The R7-parameter seen in [Figure 7]c showed a decrease in the elastic portion of the skin with the highest percentage decrease after 2 weeks of treatment. Negative values in R7 reflect a decrease in biological elasticity.  The complete relaxation (R8) of the skin followed almost the same pattern as R7, thus also indicating a decrease in skin elasticity. Aloe marlothii proved to have the most negative effect on these parameters after 2, 3 and 4 weeks of treatment. However, the Cutometer ® results indicated that none of the treatments showed to significantly alter the R2-, R6-, R7- and R8-parameters.
|Figure 7: Percentage change relative to initial conditions (T0) for the Cutometer® R2 (a) Cutometer® R6 (b), Cutometer® R7 (c) and the Cutometer® R8 (d)|
Click here to view
Pairwise comparisons with a Bonferroni adjustment between the different treatments revealed statistical significant differences in the Corneometer ® measurements between the placebo and A. ferox gel material (P = 0.003), A. marlothii gel material (P = 0.001) and A. vera gel material (P = 0.007) gel materials. Thus deionized water was statistically better than the aloes in improving skin hydration.
A previous study found that A. vera extract moisturized the skin by significantly increasing the SC water content whilst not changing the TEWL.  It was suggested that this could be due to the rich composition of the A. vera extract of hygroscope mono- and polysaccharides , and the presence of the amino acids alanine, arginine, glycine, histidine, serine and threonine which contributes to SC hydration. , Dal'Belo et al., found that relatively low A. vera extract containing formulations (i.e., 0.10%, 0.25 and 0.50% w/w) increased skin hydration after 1 and 2 weeks of application compared to the vehicle alone. However, when the formulations were compared with each other after 2 weeks of application the formulation containing 0.50% w/w A. vera extract proved to be significantly better than the 0.10 and 0.25% formulations.
The findings of our study are different from the other studies described above, which may be ascribed to differences in the composition of the formulations tested (pure aloe gel materials dissolved in water in this study versus formulations containing excipients in other studies), but also due to the difference in composition of the aloe gel from different species.  Humectants promote the retention of water within the SC by attracting water from the outside in (from environment to skin) and from the inside out (from dermis to epidermis/SC).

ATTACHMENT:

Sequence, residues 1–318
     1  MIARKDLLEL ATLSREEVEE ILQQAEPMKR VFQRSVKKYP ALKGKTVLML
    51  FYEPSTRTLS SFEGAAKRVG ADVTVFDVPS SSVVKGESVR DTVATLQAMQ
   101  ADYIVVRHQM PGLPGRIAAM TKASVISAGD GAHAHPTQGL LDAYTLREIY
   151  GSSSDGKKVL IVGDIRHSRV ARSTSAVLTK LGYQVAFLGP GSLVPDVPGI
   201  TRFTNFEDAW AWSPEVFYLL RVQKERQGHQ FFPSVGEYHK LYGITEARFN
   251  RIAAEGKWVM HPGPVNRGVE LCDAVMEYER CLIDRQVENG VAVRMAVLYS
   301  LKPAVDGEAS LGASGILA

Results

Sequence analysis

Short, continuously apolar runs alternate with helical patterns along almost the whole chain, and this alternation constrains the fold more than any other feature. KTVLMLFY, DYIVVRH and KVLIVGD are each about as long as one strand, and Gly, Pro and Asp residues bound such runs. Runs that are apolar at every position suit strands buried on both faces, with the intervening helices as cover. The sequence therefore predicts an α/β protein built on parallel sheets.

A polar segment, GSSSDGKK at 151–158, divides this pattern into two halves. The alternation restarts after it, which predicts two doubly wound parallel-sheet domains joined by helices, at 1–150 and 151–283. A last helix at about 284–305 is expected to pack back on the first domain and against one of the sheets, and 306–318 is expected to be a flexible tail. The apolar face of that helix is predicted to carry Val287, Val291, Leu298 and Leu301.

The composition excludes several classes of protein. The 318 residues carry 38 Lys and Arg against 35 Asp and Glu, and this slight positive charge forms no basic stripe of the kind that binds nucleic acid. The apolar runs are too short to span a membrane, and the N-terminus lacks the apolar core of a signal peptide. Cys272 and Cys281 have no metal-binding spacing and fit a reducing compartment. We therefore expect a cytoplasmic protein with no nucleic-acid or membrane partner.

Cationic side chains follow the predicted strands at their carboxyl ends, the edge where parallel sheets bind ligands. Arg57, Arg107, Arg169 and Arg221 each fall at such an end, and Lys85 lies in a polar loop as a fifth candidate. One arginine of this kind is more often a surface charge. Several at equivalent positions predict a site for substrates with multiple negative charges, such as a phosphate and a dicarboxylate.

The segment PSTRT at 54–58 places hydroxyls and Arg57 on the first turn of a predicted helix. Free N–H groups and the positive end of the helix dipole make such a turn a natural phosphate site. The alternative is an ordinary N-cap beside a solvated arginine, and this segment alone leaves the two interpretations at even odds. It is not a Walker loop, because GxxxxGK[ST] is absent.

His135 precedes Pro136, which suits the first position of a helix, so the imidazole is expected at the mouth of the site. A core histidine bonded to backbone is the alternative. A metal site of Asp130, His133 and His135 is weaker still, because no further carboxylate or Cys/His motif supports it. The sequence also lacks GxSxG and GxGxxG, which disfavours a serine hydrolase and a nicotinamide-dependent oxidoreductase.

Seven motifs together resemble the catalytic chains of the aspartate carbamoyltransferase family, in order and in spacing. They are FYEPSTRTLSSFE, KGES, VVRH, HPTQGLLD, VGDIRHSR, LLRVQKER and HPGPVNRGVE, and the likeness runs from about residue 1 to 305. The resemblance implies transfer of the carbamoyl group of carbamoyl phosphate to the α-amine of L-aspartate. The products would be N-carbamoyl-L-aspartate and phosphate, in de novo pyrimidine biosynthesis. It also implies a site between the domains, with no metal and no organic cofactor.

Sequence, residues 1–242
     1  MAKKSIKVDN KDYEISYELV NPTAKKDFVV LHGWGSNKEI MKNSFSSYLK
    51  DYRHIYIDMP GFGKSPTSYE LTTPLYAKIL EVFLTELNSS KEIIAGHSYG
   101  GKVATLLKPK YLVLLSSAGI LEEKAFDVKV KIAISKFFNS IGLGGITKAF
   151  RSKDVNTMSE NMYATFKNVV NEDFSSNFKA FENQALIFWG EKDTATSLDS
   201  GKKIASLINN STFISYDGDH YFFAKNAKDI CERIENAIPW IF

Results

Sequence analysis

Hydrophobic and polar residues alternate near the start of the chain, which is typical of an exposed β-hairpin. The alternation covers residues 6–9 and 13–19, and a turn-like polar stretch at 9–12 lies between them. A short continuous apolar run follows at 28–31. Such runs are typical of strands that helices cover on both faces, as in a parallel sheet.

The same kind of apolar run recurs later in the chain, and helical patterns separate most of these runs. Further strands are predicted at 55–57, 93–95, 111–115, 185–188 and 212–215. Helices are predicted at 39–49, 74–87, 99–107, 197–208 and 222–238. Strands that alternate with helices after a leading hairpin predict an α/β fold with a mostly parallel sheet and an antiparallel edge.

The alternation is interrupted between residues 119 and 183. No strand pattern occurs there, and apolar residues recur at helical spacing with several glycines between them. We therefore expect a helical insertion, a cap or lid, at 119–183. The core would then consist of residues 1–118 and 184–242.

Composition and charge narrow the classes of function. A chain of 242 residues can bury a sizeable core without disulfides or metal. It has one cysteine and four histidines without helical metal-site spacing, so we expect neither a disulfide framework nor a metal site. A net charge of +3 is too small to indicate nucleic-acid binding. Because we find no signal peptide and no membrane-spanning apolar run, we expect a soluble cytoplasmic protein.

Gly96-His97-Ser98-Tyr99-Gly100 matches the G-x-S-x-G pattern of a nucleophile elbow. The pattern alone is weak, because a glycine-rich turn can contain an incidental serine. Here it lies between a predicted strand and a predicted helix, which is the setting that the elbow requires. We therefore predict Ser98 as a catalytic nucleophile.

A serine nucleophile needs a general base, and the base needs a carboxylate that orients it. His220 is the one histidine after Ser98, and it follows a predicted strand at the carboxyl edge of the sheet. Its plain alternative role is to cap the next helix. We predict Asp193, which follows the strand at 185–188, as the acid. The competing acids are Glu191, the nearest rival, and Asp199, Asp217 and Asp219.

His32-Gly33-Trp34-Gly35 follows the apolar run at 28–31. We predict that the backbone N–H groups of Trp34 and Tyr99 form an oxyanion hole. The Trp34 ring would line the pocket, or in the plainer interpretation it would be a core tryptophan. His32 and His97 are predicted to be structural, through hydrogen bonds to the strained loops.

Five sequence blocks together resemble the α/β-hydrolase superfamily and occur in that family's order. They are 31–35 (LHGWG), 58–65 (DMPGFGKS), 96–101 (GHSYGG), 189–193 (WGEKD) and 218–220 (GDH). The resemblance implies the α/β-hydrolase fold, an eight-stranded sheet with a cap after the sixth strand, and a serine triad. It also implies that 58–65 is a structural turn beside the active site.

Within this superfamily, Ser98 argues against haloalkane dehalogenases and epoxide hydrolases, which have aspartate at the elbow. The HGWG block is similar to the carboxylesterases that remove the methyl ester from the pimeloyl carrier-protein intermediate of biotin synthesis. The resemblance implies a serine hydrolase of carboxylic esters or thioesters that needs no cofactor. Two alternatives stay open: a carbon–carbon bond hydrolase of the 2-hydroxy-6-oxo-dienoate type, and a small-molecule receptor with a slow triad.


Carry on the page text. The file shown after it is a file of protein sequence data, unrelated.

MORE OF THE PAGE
The external use of aloe gel on intact skin is not associated with adverse reactions and is generally regarded as safe.  In contrast to this, case studies on the topical application of aloe-derived products showed some adverse reactions which included contact urticaria, dermatitis and acute eczema. 
In the present study, two volunteers were withdrawn from the study due to severe allergic reactions. From weekly questionnaires it was determined that 11 (18.64%), 14 (23.73%) and 2 (3.39%) out of the 59 volunteers reported a mild allergic reaction after topical application of A. vera, A. marlothii and A. ferox gel materials, respectively. The volunteers experienced a red rash, especially when the aloe gel started to dry on the skin, with either a burning or itching sensation.
In the present study, the SLS exposure test was performed to compare the anti-erythema efficacy of the aloe gel materials to the positive control group (hydrocortisone gel). The percentage change in skin erythema as expressed by hemoglobin content from irritation (T 1 ) to two time intervals (T 2 and T 3 ) after treatment with test materials are given in [Table 2].
|Table 2: Percentage change in skin erythema (hemoglobin) from irritation (T1) to two time intervals (T2 and T3) after treatment|
Click here to view
Hydrocortisone gel showed a 13.1% decrease in erythema at T 2 ; followed by deionized water (7.8%) and A. ferox (7.0%), while A. vera and A. marlothii demonstrated the lowest percentage decrease in erythema at T 2 . However, no statistical significant differences were obtained between hydrocortisone gel, A. ferox gel material, deionized water and the untreated irritated skin in terms of anti-erythema effect at T 2 . Hydrocortisone gel performed statistically significantly better than A. vera and A. marlothii gel materials in reducing skin erythema. Aloe ferox gel material statistically significantly reduced erythema to a larger extent than A. marlothii gel material at T 2.
At T 3 (on the 7 th day after 6 days of treatment), hydrocortisone gel decreased erythema by 18.8% followed by A. vera (17.0%), A. ferox (15.2%), and A. marlothii (9.0%). The anti-erythema effect of A. vera gel material and hydrocortisone gel was statistically significantly higher than that of A. marlothii gel material with P values of 0.051 and 0.046 respectively. Deionized water and untreated irritated skin showed a similar decrease in skin erythema at T 3 with a percentage decrease of 13.0% and 13.1%, respectively.